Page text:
We asked 16 writers to bring consequential moments in African-American history to life for the #1619Project. Here is a literary timeline of African-American history, told through original poetry and fiction.https://nyti.ms/2zixYYu
Our tech correspondent @CadeMetz visited offices around the world where workers are doing the endlessly repetitive work needed to teach AI systems: "What I saw didn’t look very much like the future — or at least the automated one you might imagine."https://nyti.ms/2z7cQod
Many structures are created with an eye toward everlasting life. But this pair of artists had a more literal, if whimsical, take: They purported to believe that their structures could actually allow their inhabitants to live forever.https://nyti.ms/2zdwaQw
Bachelorette parties can sometimes mean pockets of people who might never, under ordinary circumstances, share bathrooms or party together. Here's how to make sure it's fun.https://nyti.ms/2SZJ6CV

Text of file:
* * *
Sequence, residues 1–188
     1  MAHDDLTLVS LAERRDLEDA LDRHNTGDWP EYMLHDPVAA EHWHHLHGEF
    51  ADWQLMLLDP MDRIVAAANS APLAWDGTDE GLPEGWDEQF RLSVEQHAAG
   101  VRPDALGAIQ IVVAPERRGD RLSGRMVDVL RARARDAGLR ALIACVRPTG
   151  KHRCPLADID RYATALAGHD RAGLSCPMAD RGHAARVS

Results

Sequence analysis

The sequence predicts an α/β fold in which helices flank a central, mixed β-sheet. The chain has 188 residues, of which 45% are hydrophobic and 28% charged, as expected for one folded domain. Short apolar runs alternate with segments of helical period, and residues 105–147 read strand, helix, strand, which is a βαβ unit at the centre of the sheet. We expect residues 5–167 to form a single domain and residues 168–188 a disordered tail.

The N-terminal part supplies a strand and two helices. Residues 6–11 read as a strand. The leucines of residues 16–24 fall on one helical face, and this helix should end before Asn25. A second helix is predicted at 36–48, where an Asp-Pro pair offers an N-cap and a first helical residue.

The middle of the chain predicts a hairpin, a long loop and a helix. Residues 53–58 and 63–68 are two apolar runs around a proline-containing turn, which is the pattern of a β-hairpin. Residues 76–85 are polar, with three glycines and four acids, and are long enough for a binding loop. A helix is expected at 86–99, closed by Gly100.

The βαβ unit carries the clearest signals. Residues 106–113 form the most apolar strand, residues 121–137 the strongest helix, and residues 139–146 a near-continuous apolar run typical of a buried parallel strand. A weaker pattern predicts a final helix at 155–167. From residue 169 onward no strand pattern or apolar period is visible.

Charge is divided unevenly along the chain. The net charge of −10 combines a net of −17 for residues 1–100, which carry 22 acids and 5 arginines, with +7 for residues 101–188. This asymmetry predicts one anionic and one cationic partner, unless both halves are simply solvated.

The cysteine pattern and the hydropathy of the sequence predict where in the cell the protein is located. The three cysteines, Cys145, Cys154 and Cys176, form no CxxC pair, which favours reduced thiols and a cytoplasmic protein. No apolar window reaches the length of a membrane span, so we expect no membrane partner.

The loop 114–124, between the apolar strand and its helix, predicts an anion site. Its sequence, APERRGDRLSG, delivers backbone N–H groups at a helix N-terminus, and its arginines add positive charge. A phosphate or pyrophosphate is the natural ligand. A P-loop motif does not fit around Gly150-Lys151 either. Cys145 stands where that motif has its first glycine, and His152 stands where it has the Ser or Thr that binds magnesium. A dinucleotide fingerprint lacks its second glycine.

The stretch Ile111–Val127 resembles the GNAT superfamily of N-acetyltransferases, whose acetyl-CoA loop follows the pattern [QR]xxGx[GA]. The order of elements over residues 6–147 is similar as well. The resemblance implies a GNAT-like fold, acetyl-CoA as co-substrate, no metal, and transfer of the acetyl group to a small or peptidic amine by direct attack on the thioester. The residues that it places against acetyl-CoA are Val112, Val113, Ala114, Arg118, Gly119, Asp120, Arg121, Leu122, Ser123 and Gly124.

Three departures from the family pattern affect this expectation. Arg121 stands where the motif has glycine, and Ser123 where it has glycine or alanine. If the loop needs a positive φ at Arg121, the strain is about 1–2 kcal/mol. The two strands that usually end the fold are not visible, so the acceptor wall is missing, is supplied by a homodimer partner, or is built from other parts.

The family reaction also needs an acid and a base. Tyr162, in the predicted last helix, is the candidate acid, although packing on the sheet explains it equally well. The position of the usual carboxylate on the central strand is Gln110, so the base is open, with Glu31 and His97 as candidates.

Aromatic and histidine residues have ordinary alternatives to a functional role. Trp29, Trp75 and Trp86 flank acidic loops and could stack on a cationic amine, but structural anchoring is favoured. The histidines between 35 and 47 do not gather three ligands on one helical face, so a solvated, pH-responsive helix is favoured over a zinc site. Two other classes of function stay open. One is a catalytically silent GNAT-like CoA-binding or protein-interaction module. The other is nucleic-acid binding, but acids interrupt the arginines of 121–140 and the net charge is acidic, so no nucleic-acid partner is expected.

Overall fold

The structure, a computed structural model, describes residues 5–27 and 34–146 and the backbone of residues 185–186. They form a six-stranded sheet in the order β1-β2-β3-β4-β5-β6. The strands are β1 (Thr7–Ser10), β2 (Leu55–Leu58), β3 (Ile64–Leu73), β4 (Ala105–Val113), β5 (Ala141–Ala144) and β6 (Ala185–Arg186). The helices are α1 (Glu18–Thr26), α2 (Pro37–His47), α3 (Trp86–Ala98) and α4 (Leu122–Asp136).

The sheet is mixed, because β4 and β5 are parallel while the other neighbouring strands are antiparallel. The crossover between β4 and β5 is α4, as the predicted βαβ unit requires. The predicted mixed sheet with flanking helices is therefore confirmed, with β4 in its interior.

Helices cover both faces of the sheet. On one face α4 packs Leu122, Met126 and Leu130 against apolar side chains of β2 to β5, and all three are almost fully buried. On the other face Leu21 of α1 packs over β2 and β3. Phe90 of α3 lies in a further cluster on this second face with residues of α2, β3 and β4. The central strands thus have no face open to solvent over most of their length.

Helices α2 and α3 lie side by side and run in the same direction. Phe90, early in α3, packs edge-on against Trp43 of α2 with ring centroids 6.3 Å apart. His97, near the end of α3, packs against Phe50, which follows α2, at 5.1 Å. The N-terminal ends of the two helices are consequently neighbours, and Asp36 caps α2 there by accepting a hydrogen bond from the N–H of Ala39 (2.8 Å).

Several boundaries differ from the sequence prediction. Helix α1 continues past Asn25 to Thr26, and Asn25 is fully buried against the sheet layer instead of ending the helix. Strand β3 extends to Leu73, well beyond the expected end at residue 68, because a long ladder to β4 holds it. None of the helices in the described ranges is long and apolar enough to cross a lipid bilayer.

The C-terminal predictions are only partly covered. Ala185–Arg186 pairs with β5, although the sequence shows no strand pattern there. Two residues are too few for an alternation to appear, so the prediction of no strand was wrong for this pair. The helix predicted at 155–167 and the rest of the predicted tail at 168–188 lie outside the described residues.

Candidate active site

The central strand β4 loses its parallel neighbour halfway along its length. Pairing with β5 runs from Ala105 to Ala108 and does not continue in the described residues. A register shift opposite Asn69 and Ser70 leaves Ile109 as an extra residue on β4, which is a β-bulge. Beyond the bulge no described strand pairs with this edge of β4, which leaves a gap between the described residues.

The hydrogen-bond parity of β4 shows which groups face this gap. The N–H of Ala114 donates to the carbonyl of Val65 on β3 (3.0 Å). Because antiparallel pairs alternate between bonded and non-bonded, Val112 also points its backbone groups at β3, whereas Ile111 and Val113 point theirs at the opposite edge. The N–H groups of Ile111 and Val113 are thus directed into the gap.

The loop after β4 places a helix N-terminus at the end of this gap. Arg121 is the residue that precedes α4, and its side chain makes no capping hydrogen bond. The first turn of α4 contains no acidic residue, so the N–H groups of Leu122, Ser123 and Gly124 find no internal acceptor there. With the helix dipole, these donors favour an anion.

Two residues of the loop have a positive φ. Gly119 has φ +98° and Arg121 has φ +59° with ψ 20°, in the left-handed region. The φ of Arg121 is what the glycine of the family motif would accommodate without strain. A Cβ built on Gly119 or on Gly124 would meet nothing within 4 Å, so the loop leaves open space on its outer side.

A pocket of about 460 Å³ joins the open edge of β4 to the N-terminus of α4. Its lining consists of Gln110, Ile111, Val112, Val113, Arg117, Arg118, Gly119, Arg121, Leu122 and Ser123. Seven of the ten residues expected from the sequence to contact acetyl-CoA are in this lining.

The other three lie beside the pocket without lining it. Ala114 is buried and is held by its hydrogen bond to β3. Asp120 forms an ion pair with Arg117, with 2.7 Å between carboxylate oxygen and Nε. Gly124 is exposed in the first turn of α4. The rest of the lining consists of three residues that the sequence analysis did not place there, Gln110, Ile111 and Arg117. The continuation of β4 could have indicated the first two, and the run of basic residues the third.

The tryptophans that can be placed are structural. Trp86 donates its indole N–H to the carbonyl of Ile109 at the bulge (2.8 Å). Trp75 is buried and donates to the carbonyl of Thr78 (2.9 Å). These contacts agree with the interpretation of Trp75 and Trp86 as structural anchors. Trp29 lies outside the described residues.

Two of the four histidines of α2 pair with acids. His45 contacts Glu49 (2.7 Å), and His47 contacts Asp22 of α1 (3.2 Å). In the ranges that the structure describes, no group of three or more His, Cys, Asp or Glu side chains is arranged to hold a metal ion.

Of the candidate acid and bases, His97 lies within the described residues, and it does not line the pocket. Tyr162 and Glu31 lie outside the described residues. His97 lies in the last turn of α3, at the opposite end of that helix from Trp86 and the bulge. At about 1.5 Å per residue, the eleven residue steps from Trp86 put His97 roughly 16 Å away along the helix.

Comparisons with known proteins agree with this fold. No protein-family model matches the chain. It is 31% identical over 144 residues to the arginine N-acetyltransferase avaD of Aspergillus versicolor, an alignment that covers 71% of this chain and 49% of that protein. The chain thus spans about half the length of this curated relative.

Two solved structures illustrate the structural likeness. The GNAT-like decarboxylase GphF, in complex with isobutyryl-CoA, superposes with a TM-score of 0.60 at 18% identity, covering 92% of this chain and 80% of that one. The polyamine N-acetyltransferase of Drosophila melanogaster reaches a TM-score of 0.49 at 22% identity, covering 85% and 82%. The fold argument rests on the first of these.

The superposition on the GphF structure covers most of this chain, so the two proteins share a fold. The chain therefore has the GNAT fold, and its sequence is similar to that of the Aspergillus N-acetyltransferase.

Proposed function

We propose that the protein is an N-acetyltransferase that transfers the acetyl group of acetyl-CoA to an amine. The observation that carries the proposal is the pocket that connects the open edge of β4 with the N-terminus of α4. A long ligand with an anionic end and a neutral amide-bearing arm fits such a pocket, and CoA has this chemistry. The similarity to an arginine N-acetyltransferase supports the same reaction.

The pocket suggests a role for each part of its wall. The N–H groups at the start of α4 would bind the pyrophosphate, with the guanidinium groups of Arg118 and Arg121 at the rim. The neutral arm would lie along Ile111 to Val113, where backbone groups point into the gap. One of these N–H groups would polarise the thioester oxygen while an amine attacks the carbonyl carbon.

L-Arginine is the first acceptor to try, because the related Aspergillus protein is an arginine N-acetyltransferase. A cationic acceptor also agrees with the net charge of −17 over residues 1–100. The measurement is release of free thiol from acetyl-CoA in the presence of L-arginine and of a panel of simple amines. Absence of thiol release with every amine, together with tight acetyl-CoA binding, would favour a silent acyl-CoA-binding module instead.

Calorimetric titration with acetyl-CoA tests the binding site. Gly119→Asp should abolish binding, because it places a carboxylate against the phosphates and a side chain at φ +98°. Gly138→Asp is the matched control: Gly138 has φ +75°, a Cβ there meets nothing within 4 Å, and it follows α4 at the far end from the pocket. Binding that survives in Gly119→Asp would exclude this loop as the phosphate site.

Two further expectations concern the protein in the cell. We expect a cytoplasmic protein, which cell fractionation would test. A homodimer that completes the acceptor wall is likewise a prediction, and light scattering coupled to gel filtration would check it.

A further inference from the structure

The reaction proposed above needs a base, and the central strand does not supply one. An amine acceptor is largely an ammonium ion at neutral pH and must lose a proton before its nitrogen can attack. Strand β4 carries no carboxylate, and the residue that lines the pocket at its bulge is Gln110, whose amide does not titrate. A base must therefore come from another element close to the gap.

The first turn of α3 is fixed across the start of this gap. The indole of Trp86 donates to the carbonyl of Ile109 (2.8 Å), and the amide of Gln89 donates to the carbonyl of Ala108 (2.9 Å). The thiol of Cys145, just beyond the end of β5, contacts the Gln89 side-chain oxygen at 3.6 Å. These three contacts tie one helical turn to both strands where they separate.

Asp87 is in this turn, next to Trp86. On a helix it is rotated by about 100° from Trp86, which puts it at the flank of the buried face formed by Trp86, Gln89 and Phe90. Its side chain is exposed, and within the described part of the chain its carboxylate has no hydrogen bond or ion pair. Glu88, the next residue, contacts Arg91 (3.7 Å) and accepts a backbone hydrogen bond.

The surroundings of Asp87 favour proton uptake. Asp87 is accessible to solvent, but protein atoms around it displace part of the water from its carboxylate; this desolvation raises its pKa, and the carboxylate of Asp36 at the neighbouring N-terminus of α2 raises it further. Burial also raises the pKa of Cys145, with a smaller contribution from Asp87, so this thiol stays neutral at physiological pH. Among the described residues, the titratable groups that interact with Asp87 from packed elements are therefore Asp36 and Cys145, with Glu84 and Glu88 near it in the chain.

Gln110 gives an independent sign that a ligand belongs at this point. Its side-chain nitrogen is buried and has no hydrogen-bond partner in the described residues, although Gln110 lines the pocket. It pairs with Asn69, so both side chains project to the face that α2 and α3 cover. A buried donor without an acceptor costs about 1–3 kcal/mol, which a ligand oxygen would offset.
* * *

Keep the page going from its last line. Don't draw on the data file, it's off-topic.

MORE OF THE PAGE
Sheet-pan pancakes. That’s the tweet.https://nyti.ms/32bfK83
The New York Times'ın Hayat Hikayesi
William Safire was a writer whose column "On Language" was a long-running feature of The New York Times Magazine.
Birthed in New York City in 1929, William Safire invested his early profession as a speechwriter and public relations author, additionally working as a special aide to Head of state Richard Nixon. He joined The New York Times as a Washington-based columnist in 1973 and also won a 1978 Pulitzer Reward for his discourse.